When reflecting on the major social trends that influenced 2015 we see several key trends; fear, equality, and mobility. Fear was a social trend that was particularly dominate due to the string of major tragedies that rocked the world.
With fear being such an emphasis in media we asked ourselves the following questions: What is the implications of a fear based society? Are these fears justified? Is the connectivity to everything skewing our world view? How can technology assist in the face of tragedy? Is it making a difference?
The Syrian refugee crisis has been one of the most significant issues this year, as over 4 million people have fled to neighboring countries in the Middle East or to Europe as a result of the Syrian Civil War. Not only has the violence killed hundreds of thousands, it has destroyed the country’s economy, made children more vulnerable to exploitation, and displaced more than 6 million people from their homes. The media calls it the single worst humanitarian crisis in the world today.
Knowing these facts, it is natural to question whether social media and technology are really effective in the face of such a rampant dilemma. How do hashtags or Twitter campaigns make a difference to those refugees, to the children, or to the Syrian economy? Many outspoken media critics argue that they can’t - that they do not generate change.
But in this year we’ve seen that one major benefit of advancing technology and social media is the rise of instant communication and media correspondence. With news apps, free international messaging, and instant media notifications to our devices, we’re now at the forefront of digesting information at the same time our political leaders do. Not only does this heightened communication allow us to be more informed citizens, it prompts widespread discussion of major international issues and motivates us to mobilize action on a wider scale.
While posting hashtags in response to a devastating earthquake or a terrorist attack may seem trivial, it encourages people to engage with the matter rather than being passive. Especially if we consider that today’s generation of American teenagers and young adults have grown up in an era after the major world wars, this exposure and recognition of conflict pushes us to think beyond the boundaries of our own country and to apply technology in creating progressive solutions.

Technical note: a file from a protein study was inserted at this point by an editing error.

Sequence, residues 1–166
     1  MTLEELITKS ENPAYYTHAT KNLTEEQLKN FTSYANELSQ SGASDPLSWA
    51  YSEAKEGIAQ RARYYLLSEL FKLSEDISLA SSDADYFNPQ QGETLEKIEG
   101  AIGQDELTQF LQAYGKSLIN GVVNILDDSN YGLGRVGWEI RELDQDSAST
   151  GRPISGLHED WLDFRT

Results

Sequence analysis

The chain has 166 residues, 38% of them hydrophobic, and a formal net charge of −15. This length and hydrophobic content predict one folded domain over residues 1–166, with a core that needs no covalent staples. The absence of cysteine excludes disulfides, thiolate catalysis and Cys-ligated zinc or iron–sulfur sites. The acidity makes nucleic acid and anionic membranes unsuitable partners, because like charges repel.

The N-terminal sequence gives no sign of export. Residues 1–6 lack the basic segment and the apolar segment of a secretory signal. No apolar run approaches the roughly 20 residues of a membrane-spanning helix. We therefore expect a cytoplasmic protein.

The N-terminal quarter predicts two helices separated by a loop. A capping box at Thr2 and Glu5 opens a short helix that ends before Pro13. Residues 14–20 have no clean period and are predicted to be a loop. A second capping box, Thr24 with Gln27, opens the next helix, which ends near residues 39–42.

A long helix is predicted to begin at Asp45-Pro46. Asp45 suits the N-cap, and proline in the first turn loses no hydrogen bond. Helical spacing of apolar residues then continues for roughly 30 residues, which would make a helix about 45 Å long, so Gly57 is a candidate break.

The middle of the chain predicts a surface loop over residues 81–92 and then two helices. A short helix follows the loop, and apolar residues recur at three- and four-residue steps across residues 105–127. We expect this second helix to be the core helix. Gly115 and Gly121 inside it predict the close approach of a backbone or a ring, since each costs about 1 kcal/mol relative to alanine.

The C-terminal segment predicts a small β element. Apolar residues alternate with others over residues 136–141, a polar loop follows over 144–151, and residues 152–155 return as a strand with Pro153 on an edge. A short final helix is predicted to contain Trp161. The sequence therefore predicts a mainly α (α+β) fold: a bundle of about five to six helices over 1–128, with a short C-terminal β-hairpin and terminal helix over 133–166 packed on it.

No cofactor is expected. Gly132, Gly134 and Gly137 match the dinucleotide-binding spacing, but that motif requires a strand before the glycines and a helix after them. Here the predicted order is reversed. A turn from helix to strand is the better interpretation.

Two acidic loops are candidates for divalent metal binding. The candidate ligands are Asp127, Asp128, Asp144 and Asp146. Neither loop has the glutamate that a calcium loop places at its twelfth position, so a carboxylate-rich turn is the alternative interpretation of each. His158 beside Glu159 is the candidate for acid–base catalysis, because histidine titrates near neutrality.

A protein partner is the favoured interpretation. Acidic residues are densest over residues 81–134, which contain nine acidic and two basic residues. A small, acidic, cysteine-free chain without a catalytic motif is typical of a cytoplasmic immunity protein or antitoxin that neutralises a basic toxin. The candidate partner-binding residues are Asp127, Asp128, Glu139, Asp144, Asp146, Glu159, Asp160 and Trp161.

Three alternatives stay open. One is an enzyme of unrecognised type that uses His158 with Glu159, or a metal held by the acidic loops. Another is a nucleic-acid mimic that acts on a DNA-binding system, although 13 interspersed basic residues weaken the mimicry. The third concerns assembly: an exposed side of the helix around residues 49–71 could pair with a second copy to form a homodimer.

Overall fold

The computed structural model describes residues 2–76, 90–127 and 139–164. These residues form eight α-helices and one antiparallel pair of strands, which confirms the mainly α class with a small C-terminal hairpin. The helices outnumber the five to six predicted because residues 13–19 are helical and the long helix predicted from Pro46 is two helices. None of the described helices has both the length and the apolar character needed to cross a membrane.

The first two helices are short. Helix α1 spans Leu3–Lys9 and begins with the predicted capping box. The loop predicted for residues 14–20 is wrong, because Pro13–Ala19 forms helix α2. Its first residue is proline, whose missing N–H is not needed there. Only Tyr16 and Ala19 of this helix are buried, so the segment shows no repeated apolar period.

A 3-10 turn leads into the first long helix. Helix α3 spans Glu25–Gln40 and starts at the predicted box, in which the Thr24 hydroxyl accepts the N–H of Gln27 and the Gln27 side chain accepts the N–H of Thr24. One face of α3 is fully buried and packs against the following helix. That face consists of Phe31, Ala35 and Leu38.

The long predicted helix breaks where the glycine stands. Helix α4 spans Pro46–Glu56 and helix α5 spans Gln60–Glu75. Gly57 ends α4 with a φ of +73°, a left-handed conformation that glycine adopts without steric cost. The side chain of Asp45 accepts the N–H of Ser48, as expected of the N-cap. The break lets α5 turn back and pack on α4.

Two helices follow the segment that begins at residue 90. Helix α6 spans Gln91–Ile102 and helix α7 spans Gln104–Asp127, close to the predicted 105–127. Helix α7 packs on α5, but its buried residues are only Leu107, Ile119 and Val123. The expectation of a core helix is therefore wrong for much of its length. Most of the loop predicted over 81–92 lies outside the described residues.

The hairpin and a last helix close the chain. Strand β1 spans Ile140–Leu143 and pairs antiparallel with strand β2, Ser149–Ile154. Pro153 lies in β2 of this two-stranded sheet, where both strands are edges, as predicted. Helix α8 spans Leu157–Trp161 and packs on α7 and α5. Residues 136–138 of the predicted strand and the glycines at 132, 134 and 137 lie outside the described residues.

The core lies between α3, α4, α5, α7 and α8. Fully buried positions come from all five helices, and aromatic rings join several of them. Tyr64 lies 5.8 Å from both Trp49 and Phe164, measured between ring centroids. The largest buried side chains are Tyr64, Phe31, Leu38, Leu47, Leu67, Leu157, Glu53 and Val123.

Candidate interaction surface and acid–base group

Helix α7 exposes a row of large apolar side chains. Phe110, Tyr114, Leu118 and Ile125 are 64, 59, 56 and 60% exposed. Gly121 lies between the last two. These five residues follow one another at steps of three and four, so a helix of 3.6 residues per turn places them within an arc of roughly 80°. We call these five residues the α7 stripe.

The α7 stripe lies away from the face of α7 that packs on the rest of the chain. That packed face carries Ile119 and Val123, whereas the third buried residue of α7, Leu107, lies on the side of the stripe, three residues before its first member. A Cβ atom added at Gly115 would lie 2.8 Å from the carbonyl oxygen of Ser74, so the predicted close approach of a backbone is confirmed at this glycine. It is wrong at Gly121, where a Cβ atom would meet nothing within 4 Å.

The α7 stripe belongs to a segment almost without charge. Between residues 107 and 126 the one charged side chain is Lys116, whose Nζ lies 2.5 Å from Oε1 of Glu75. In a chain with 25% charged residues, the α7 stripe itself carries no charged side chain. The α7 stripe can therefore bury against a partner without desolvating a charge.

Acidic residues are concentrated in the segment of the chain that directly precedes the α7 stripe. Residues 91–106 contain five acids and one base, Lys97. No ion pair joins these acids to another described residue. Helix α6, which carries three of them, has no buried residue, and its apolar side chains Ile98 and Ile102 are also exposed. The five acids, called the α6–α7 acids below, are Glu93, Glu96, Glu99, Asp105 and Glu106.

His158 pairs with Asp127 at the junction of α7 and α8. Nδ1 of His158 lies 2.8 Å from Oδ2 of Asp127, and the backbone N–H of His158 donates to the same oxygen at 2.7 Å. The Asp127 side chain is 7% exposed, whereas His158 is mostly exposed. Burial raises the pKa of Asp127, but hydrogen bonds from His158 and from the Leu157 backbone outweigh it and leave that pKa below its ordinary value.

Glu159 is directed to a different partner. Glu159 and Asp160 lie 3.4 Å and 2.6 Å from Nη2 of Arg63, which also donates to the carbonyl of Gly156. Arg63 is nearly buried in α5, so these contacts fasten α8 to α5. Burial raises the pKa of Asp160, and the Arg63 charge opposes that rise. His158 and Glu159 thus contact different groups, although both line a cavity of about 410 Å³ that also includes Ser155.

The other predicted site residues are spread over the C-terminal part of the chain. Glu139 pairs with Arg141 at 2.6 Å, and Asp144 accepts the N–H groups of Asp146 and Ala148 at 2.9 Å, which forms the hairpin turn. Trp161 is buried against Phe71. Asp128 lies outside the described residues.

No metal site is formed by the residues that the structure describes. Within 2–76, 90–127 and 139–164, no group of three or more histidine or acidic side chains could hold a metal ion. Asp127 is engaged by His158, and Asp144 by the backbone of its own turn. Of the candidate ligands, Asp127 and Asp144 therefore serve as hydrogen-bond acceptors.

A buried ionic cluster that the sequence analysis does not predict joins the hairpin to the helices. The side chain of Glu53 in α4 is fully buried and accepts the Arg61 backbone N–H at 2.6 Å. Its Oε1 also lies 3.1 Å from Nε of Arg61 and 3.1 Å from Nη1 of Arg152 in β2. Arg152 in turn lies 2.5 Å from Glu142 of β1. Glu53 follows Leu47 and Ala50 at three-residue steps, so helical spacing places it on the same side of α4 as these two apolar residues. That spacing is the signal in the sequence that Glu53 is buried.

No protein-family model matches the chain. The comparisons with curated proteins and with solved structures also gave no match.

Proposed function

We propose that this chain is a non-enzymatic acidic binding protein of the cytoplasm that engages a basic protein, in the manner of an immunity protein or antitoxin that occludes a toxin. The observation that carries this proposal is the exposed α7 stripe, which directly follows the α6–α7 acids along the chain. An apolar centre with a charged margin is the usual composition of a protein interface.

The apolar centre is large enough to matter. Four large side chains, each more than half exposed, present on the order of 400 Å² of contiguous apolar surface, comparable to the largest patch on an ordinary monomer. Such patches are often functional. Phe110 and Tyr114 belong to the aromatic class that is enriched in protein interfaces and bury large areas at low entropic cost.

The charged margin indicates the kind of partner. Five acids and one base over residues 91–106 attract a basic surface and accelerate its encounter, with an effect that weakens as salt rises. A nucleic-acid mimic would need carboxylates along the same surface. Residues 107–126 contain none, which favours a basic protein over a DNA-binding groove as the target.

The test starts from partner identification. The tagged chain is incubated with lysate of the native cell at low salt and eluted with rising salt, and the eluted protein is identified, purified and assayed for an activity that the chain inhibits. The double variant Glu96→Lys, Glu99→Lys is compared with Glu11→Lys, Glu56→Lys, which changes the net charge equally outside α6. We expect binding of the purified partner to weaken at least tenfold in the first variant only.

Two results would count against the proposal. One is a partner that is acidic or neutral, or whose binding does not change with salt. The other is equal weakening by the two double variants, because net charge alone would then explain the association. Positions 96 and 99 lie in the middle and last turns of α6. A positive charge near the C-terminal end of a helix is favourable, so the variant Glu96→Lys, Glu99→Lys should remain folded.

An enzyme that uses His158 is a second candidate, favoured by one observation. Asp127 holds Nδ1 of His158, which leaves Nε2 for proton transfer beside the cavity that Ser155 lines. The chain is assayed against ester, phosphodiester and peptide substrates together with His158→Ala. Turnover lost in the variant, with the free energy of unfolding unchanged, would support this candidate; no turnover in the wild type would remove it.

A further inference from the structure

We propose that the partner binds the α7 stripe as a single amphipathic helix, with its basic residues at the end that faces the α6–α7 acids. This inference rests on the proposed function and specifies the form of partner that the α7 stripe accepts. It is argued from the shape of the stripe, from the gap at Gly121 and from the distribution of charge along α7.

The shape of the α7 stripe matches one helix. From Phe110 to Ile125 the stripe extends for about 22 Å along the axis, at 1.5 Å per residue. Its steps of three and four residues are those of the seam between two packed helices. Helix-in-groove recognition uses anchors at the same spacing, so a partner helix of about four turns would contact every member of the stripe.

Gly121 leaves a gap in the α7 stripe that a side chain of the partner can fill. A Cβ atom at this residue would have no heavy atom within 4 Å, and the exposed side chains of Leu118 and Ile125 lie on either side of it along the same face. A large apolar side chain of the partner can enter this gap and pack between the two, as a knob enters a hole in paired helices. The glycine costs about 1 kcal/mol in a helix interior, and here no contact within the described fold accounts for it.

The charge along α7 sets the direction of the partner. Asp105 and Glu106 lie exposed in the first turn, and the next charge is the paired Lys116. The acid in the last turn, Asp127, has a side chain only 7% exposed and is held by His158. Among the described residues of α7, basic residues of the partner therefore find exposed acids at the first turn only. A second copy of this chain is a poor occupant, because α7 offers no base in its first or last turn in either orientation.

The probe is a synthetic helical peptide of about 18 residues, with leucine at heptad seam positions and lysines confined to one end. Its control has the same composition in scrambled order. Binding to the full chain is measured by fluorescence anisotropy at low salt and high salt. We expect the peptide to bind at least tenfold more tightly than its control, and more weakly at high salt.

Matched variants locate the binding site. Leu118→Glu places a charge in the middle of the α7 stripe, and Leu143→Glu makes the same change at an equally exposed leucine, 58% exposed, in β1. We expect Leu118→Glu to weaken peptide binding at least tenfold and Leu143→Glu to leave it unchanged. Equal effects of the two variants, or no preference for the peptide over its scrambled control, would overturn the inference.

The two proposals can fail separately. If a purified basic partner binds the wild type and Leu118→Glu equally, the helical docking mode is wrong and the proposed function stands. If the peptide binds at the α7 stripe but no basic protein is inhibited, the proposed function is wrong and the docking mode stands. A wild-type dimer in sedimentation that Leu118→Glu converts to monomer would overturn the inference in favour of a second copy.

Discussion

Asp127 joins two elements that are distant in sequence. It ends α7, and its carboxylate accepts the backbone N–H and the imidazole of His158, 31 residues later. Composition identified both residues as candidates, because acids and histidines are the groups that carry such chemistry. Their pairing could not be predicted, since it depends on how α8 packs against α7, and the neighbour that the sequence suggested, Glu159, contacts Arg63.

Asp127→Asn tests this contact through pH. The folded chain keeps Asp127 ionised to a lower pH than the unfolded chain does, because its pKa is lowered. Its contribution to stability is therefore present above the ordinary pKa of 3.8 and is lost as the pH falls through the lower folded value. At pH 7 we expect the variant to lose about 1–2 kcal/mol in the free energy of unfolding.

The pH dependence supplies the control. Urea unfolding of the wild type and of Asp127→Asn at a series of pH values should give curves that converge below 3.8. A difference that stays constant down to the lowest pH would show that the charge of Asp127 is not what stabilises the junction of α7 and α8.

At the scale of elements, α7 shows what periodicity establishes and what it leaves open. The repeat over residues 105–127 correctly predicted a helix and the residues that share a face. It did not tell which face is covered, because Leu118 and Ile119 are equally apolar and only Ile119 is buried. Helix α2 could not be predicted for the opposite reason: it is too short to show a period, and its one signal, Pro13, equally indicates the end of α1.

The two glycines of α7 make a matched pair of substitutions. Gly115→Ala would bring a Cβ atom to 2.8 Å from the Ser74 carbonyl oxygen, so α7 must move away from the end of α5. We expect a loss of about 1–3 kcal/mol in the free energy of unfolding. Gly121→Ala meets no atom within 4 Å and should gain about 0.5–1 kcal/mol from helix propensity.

In October 2015, a Techfugees Conference was held in London for the first time, where engineers, entrepreneurs, designers, and NGO members came together to discuss ideas for applying technology to aid refugees. They recognized that many of the fleeing Syrians had relied on smartphones and GPS navigators to find safe passage and sought to devise of additional technology-based relief for those in need. Likewise, Internet-based hacker group Anonymous has recently launched initiatives against terror groups like ISIS and the KKK by leaking web data and infiltrating online communications to disrupt their work. Though these type of unsanctioned efforts are controversial due to questions of legality, they are evidence of increasingly democratized social action as a result of networked communication on the Internet.
Moving into 2016, we look forward to seeing how technology will continue to influence our worldview unlike ever before. At the same we must be cautious. Fear can be a huge manipulator and must be balanced with alternative perspectives. We are living in an era where anyone can be a self-proclaimed expert on the Internet making it more important than ever to check sources and synthesize our own perspectives. Let’s hope that our increased connectivity will increase more understanding between each other and aid us in times of turmoil.
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